Running services with Workflows

You can use Workflows to combine and arrange Cloud Run services, linking and running the services in a customizable sequence.

Possible use cases include:

  • Combining multiple Cloud Run services easily.

  • Defining retries that extend the time beyond Cloud Run's own request limits.

  • Orchestrating batch processing so that the failure of any individual service is isolated.

This page describes deploying a Cloud Run service, creating a service account with the necessary permissions, and creating a workflow.

Before you start

  1. If you haven't done so already, set up your environment as described in the setup page for Cloud Run. You'll need to use the gcloud command line and a Google Cloud project to deploy your Cloud Run service to.

  2. Enable the Workflows API for your project:

    Enable the Workflows API

Deploying a Cloud Run service

To deploy a Cloud Run service to use in a workflow, deploy the service in the same way as any other Cloud Run service, keeping in mind the following best practices:

  • Create Cloud Run services to be stateless with minimal external dependencies. Use Workflows to provide state through other services and perform operations in other services.

  • When processing a list of items, create one service to return the list, and another service to process an individual item; use Workflows to sequence the retrieval of the list and the processing of each item.

  • If a service requires more than 64 KB of data (the maximum size of a request passed to a workflow), consider storing the data (for example, in Firestore or Cloud Storage), and passing a reference. Or, retrieve the data in the service rather than passing it with Workflows.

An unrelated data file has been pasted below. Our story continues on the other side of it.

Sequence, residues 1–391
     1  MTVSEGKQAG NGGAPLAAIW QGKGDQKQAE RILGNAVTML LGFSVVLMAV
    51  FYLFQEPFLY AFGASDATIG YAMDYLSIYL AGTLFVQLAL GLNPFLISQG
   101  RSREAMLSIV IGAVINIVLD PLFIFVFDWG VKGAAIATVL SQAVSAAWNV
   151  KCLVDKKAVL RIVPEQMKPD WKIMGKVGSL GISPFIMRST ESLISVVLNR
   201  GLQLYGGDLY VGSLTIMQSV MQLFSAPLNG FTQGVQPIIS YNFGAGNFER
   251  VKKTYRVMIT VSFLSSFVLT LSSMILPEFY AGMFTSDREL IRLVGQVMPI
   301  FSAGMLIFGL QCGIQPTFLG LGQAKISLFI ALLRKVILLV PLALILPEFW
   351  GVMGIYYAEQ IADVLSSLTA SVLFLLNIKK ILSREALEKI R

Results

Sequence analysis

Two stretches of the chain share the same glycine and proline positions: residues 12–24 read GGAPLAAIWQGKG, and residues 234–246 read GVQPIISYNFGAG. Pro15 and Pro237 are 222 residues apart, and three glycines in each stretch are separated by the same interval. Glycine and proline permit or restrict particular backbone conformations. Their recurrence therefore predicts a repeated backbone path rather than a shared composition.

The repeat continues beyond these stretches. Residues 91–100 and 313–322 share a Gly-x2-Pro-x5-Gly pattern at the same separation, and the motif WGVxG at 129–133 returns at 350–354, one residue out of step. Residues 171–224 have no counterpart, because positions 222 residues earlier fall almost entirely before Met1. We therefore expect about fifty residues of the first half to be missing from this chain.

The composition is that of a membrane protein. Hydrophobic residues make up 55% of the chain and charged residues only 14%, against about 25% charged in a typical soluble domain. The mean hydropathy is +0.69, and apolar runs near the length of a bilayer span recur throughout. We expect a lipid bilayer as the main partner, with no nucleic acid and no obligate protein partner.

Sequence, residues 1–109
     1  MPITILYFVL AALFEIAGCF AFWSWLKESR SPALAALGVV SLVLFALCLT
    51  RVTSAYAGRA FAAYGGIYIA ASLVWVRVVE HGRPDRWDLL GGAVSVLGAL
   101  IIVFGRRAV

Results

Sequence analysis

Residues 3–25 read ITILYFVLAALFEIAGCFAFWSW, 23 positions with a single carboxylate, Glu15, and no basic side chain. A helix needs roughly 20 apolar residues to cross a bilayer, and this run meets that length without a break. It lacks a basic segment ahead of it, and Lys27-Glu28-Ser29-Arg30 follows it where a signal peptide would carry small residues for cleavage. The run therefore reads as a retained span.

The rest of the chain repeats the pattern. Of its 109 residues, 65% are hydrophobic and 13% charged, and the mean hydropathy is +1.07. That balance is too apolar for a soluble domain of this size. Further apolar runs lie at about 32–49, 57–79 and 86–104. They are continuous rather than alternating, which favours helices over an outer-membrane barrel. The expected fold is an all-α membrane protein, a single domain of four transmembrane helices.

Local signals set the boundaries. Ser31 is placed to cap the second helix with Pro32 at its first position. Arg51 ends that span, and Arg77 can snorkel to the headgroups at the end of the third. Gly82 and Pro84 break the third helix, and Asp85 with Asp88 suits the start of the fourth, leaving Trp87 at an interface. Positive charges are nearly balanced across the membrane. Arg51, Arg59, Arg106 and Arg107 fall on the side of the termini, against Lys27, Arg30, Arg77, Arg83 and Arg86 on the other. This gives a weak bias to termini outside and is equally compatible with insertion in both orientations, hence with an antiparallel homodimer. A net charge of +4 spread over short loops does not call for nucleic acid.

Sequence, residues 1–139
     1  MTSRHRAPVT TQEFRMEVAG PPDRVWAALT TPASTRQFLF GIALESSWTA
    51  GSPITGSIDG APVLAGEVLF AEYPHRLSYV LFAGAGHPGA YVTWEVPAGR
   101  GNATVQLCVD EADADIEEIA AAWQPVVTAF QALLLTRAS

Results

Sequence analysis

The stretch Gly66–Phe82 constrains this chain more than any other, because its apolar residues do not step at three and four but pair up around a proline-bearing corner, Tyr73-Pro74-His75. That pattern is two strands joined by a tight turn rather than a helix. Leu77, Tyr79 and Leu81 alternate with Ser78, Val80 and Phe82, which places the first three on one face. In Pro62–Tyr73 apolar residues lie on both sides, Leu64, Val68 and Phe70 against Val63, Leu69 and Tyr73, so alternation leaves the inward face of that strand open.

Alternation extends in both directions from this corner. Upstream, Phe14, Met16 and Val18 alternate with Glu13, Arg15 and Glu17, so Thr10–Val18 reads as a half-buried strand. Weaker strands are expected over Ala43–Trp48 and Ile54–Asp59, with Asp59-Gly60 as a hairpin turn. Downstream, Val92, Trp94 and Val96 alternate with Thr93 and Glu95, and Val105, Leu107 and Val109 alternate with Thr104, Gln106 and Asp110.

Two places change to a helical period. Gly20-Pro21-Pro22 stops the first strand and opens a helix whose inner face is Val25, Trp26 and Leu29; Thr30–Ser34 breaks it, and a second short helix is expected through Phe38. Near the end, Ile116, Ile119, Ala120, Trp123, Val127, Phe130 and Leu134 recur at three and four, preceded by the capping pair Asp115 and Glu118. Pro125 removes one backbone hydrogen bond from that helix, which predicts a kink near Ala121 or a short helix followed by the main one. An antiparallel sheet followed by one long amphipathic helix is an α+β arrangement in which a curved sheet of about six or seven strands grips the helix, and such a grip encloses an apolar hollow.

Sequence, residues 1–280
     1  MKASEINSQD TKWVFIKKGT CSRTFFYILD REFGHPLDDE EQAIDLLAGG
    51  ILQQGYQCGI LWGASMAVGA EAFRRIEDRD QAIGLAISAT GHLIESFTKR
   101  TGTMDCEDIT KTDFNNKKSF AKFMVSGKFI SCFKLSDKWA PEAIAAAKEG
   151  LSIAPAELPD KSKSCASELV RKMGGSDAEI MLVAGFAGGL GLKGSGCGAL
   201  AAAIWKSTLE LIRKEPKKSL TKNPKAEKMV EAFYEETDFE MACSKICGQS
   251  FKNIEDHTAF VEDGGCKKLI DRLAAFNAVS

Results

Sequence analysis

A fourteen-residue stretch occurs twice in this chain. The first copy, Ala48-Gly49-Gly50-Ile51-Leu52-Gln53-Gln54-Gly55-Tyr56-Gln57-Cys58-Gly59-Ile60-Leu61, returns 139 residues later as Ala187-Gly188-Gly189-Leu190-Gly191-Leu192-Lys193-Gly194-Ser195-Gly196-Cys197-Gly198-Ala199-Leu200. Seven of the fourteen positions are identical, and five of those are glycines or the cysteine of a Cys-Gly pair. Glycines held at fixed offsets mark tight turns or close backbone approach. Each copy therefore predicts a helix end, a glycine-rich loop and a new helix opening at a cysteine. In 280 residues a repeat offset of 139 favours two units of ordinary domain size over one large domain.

Creating a service account

You need to create a service account to associate with your workflow, and give it the permission to invoke your Cloud Run service.

Console

  1. In the Cloud Console, go to the Service Accounts page.

    Go to Service Accounts

  2. Select a project.

  3. Enter a service account name to display in the Cloud Console.

    The Cloud Console generates a service account ID based on this name. Edit the ID if necessary. You cannot change the ID later.

  4. Optional: Enter a description of the service account.

  5. Click Create.

  6. Click the Select a role field.

  7. Under All roles, select Cloud Run > Cloud Run Invoker.

  8. Click Done.

Command line

  1. Create the service account:

    gcloud iam service-accounts create SERVICE_ACCOUNT_NAME \
       --display-name "DISPLAYED_SERVICE_ACCOUNT_NAME"

    Replace

    • SERVICE_ACCOUNT_NAME with a lower case name unique within your Google Cloud project, for example my-invoker-service-account-name.
    • DISPLAYED_SERVICE_ACCOUNT_NAME with the name you want to display for this service account, for example, in the console, for example, My Invoker Service Account.
  2. For Cloud Run, give your service account permission to invoke your service:

    gcloud run services add-iam-policy-binding SERVICE \
       --member=serviceAccount:SERVICE_ACCOUNT_NAME@PROJECT_ID.iam.gserviceaccount.com \
       --role=roles/run.invoker

    Replace

    • SERVICE with the name of the service you want to be invoked by Workflows.
    • SERVICE_ACCOUNT_NAME with the name of the service account.
    • PROJECT_ID with your Google Cloud project ID.

Creating a workflow